The Indian street food traders kicking it to the KERB in Camden


Sick of street food? Nah, me neither. And nor, it seems, is London at large – or so the perennial popularity of the capital’s multi-site markets like Street Feast and KERB would attest. Even the Michelin men (and women) are in on the act: Singaporean stalls like Hong Kong Soya Sauce Chicken Rice & Noodle and Hill Street Tai Hwa Pork Noodle got the esteemed inspectors seeing sufficient stars to afford the hawkers that very accolade.

And now KERB’s embarked on its most ambitious, delicious project yet: a 35-trader-strong, seven-day-a-week market in Camden Lock. It’s good news for anyone with an appetite, but especially advantageous for Indian food fans – because the North London location hosts all sorts of South Asian stallholders.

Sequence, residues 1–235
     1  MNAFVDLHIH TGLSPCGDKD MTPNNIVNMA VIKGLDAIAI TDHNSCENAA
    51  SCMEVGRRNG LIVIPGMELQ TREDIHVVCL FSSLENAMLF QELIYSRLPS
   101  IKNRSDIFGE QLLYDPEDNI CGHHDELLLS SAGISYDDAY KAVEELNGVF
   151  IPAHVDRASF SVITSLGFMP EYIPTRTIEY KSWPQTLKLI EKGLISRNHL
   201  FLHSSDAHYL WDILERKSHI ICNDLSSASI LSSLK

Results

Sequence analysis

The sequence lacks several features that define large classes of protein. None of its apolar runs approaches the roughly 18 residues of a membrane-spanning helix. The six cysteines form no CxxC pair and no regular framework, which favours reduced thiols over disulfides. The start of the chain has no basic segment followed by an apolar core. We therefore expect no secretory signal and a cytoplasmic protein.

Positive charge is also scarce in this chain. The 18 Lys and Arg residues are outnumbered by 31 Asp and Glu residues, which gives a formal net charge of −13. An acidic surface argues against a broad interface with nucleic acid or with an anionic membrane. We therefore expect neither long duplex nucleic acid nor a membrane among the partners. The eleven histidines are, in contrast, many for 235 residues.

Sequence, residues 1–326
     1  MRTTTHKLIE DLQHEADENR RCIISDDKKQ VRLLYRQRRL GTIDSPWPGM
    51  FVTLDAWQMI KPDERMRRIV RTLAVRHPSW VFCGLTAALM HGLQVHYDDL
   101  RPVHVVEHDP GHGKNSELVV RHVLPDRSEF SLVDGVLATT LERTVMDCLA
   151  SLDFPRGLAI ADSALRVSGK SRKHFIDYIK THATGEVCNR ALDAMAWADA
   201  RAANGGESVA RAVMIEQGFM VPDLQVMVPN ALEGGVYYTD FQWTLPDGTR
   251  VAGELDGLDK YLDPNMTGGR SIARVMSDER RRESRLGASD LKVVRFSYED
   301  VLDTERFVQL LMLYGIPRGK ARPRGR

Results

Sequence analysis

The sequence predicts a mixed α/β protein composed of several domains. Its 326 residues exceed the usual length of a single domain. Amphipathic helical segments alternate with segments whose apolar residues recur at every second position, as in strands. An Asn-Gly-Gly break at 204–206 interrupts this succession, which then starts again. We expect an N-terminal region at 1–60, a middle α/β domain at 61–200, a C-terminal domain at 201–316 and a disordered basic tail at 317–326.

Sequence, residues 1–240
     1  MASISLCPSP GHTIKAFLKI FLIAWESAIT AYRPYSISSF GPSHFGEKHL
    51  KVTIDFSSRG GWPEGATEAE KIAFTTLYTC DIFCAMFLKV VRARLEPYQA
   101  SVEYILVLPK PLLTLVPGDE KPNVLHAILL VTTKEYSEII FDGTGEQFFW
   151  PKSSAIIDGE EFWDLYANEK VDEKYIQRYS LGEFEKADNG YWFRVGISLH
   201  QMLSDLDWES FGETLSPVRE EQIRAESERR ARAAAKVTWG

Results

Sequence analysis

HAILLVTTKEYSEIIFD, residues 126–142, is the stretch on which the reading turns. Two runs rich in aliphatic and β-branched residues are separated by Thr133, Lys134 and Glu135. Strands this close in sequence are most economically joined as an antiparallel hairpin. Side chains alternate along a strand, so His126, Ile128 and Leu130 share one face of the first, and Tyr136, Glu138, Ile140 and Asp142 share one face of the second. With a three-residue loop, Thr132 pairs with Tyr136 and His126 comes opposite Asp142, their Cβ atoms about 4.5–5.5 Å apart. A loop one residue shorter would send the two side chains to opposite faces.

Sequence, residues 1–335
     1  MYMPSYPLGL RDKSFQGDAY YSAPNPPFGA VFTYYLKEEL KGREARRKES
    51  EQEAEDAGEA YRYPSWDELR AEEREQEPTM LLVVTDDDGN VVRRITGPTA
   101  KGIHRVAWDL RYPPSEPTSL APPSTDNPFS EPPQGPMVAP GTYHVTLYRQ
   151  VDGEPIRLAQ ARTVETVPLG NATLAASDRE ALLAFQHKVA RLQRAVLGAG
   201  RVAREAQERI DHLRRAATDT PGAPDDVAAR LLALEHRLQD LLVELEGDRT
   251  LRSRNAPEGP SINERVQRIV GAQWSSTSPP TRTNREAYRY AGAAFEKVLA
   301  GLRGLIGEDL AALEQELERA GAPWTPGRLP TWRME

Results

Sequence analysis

From authentic eats like Sri Lanka’s kothu roti and Kolkata’s kati rolls through to Brindian burgers and high-taste, low-cal curries, the only thing harder than knowing where to start is knowing when to stop.

Meet your makers

Baba G’s

Bhangra Burger Baba G's KERB Camden market

Thoroughly Brindian grub from Alec Owen and co. Standard nachos not yo’ bag? Try Baba G’s pimped-up poppadom version; loaded with an avalanche of paneer, chicken, lamb, saag…it wouldn’t surprise me to find the kitchen sink in there. Wraps and burgers are made decidedly Desi with marinated meats and all manner of chutneys and relishes. Also known as Bhangra Burger, the whole shebang’s as loud and lively as the eponymous musical genre.


Kolkati kati roll KERB CAMDEN MARKETLaunch

Kati rolls just are one of the many, many cultural treats the city formerly known as Calcutta has gifted to the world, composed of an egg-anointed, tawa-fried, flaky paratha enclosing a flavoursome filling. Having fallen for the street snack on their travels, Kolkati founders Jack Hogarth and Kate de Lord’s spin on the classic features paneer, chicken, or a blend of both; further loaded up with imli chutney, raita, pickled onions, tomatoes, chilli and coriander.

Kothu Kothu